Photo courtesy of Georgia Tech Solar Racing Team

Hope for blue skies and sunny weather: the 2018 American Solar Challenge is underway, and the Georgia Tech Solar Racing (GTSR) team hopes to put forth their best effort.

The American Solar Challenge occurs every two years, and this year follows a path over 1700 miles long from Omaha, Nebraska, to Bend, Oregon, following stretches of the Oregon Trail through four different states.

Lasting from July 13 to 22, the trek is split into five stages, each hundreds of miles long — yet in the first two stages of the 2018 competition, GTSR’s car has only been able to complete 63.8 miles, due to debilitating electrical problems that surprised the team, who had cruised through the Formula Sun Grand Prix (FSGP) qualifiers.

“Due to some never-before-seen electrical issues that did not occur during our 314 miles of driving at FSGP, we have trailered to the next location on the ASC route to continue the journey,” the GTSR reported on Facebook on July 14, the day after the first leg began. “We will be working on debugging these problems today and hope to make more progress tomorrow.”

Here, to “trailer” means exactly what it sounds like: loading the car up, driving it to the checkpoint and racing against the clock to figure out what went wrong.

Although the team has had a rocky start, their challenges represent the complexity of the mission to drive a solar car across the country.

Developing a competitive solar-powered car requires a confluence of hard work and talents across mechanical, electrical, and operational engineering.  After learning lessons from the design of their first self-built model, the 2015 SJ-1 Endeavor, the team has strived to produce a sleeker, faster design.

Their work has culminated in SR-2 Odyssey, which at a top speed of 80 mph and a weight of 250 kilograms, is both 35 mph faster and nearly 70 kilograms lighter than its predecessor.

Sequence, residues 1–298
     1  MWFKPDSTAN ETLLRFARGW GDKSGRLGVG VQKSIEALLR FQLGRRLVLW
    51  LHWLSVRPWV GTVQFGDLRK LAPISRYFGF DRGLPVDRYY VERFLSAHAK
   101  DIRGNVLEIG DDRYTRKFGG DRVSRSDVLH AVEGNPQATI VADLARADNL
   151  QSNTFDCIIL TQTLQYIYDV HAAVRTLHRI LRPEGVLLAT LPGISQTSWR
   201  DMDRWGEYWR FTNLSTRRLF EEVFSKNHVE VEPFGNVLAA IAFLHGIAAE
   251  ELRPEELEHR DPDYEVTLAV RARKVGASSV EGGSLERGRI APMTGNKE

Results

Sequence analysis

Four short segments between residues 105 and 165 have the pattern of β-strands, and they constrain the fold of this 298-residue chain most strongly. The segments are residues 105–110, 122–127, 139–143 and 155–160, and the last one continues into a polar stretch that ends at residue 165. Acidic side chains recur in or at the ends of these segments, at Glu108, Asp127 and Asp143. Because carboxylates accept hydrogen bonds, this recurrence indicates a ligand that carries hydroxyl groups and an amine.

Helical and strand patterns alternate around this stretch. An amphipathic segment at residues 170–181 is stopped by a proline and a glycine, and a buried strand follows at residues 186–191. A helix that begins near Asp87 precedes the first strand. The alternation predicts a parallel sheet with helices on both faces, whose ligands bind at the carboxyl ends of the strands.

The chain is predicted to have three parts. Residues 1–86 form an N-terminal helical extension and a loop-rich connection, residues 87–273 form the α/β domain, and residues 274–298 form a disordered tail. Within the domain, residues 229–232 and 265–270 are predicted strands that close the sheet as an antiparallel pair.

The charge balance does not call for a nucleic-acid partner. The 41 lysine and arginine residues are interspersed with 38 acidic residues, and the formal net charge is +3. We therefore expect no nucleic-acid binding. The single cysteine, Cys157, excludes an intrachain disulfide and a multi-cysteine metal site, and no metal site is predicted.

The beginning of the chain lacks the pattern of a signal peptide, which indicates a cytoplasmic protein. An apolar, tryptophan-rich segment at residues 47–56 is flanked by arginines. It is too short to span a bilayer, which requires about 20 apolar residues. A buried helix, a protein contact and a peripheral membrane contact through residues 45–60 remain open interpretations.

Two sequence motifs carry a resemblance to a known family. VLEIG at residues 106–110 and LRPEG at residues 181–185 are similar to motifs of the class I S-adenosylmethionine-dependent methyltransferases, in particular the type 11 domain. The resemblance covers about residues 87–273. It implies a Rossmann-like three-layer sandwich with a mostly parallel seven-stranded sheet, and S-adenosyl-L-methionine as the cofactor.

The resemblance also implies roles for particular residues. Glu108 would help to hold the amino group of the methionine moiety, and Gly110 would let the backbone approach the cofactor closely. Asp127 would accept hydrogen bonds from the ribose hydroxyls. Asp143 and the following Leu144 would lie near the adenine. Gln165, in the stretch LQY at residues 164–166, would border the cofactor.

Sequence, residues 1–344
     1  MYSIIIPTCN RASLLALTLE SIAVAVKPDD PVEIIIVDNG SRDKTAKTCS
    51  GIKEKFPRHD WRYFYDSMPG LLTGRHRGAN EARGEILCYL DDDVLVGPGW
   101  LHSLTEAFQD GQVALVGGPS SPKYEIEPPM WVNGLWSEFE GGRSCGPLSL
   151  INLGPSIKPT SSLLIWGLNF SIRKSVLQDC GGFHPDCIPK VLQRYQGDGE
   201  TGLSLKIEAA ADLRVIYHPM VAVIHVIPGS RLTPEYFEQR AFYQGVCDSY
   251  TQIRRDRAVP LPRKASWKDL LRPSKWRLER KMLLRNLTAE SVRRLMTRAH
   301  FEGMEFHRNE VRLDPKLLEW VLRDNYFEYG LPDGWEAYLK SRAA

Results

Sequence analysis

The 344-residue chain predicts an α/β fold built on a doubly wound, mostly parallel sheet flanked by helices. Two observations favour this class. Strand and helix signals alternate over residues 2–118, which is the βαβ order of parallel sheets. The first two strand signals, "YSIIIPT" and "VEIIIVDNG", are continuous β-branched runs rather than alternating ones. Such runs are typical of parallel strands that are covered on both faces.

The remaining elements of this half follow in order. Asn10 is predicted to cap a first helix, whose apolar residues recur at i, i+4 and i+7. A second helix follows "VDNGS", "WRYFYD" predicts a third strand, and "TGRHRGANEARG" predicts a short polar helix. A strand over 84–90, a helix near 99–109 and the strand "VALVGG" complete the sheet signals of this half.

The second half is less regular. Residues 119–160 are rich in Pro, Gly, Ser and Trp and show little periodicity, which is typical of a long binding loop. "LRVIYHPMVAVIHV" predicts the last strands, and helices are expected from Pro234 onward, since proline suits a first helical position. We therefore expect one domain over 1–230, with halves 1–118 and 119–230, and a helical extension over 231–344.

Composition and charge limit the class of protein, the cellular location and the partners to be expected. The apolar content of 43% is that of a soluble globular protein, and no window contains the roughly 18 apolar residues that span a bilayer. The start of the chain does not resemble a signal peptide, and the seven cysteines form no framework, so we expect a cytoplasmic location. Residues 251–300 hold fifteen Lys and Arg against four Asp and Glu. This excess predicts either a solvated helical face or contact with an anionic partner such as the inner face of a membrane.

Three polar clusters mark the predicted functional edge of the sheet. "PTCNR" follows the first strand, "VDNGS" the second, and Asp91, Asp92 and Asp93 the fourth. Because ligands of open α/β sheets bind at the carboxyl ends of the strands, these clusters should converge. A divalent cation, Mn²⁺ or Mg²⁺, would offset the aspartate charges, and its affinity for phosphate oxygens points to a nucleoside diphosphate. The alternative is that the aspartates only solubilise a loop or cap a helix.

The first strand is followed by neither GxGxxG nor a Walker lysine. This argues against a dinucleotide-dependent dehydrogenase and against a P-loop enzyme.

“SR-2 Odyssey is GTSR’s first completely new car in almost 6 years, and represents all of our lessons learned, design experience, and nearly 20,000 hours of student’s work,” the GTSR writes on its GoFundMe page, where it is raising funds to help support the summer journey. “She takes advantage of the latest and greatest improvements in the green energy field to achieve unprecedented performance for our program.”

The car, and its solo driver, are not the only factors in the equation of a successful team — the cross-country journey of the Odyssey bears more semblance to a Homer epic, with a fleet of support students and vehicles addressing challenges along the way.

“Moving 18 students, a solar car, 3 support vehicles and a mobile shop on a 5,300-mile round trip journey is an exhilarating prospect,” the team wrote on their Facebook page in June.

Each of those components also costs money, which quickly runs thin despite the multiple sponsorships from industry whose logos line the curves of the Odyssey — hence the GoFundMe campaign. The ongoing campaign covers operational costs during competition and has already raised $2,755 of its $5,000 goal.

“All funds raised will go towards food, fees, spare parts, and fuel for our trip this summer. (Yes, unfortunately our support vehicles do still run on gasoline),” the team writes online.

“We will make sure to specifically focus on the lessons learned, as we most certainly have learned a lot of lessons these past few weeks,” the team adds. “We hope to come back far more successful the next year.”

But, for now, the GTSR team has its eyes ahead on the race: the miles, the road and the wreck that keeps on rambling.